Columbus will soon be home to the operations for the largest independent toy wholesale distributor in the world. As of February 1, 2016, locally-based Disburst will purchase Los Angeles-based DKE Toys.
DKE has been in the toy business for over two decades and an independent wholesale distributor for 10 years. Over time the operation has curated a list of close to 200 vendors from around the world, creating anywhere from one to a large number of toys.
“The products themselves really run the gamut of the artists that create them,” says Disburst CEO Scott Kuenzli.
Columbus-based Kuenzli met DKE Owner Dov Kelemer at Comic-Con in San Diego. Regulars at the convention, they would discuss what each was working on when, “[Dov] told me a couple of years ago that he was looking to maybe get out of what he’s doing,” Kuenzli says.
Kelemer had just started a family and the 80+ hour weeks that sometimes come with being an entrepreneur just weren’t a fit anymore.
“He finally announced in June of this year  that he was retiring from the wholesale business,” Kuenzli says.
He reached out to see if DKE had a buyer or if the announcement was a way to drum one up, but selling the business wasn’t actually something that had been on Kelemer’s radar. He had never done it before.
Kuenzli took a closer look at the operation over the following months, found himself a business partner, and then, couldn’t really find a reason not to buy DKE.
Kuenzli’s own background is in the industry, too. He’s been in the collectibles market for quite some time – a collector himself in the 90s, and behind the scenes at wife Laura Kuenzli’s Short North designer toy and art gallery, Rivet, since its inception.
He and partner Kent Boelling formed Disburst to purchase the wholesale operations from DKE. Kuenzli calls it a quasi-purchase-slash-merger. Disburst is buying the operations but not the company. DKE and Kelemer will stay on board to provide services like brokering deals, handling vendor management relationships and product development – the aspects the owner liked about the business in the first place.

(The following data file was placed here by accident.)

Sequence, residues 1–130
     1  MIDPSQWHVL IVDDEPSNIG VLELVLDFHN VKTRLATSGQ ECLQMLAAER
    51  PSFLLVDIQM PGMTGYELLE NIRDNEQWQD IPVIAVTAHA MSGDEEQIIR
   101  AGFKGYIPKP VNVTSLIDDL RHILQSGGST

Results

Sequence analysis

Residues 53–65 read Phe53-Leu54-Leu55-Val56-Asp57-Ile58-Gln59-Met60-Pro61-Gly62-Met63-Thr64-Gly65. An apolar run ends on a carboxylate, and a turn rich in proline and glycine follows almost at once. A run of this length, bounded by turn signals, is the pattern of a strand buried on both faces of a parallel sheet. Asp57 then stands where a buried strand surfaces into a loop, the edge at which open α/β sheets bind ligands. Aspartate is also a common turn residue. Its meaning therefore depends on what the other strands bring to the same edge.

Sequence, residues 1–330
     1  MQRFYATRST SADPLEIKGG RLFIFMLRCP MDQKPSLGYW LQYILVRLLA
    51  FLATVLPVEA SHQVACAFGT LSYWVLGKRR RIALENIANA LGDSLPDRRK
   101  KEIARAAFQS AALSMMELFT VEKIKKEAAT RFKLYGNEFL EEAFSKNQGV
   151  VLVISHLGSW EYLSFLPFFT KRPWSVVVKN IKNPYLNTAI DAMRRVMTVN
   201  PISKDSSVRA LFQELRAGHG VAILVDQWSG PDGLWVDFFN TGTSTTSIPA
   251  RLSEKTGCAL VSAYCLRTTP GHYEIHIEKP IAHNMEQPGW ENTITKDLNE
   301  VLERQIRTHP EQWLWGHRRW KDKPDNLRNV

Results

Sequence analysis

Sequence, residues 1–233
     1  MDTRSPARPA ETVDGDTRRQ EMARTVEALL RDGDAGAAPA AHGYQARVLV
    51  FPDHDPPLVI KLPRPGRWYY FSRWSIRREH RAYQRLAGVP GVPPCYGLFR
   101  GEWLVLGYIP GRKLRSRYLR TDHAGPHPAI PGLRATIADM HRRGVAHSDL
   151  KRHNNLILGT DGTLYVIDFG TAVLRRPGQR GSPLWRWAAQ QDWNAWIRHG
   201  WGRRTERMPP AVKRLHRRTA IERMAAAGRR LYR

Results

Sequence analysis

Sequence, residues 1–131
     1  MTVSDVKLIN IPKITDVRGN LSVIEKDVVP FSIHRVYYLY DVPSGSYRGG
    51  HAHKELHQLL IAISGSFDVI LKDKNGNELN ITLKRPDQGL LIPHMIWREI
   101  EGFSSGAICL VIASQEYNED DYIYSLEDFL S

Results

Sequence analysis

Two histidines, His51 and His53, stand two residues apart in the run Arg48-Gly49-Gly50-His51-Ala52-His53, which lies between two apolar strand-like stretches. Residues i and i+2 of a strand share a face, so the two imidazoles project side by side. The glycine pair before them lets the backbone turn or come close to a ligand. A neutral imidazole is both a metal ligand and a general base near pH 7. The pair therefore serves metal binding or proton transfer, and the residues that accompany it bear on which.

Disburst will be split between its current spot in LA and Columbus.
“What’s happening immediately in Columbus is we are moving the back office to Columbus,” Kuenzli says.
Sales, payroll, marketing and financial operations will all be headquartered locally, while warehousing and fulfillment will remain on the coast for the time being. Because many of the products come from overseas through the port of Long Beach, it didn’t made sense to add another across-the-country leg to the distribution. However, as the company continues to grow, Kuenzli could see adding a Columbus warehouse.
Disburst has a lot of other ideas for how it will expand the operation. The goal is to be in a lot more markets with a larger array of products and a much more diverse set of retail clients than the company currently has.
“There is a lot of markets that [DKE]’s not really pushed into simply because of time constraints and the inability to allocate resources to those markets,”Kuenzli says.
The more artisan, collectible toy line currently organized by the distributor normally lands in mom and pop shops, art galleries and various collectible stores, but Disburst hopes to add representation for some toy lines that have more growth potential and a broader customer base.
At the February takeover, Kuenzli and Boelling will leverage their years of skill and industry experience to improve the business’ infrastructure to get things off and running.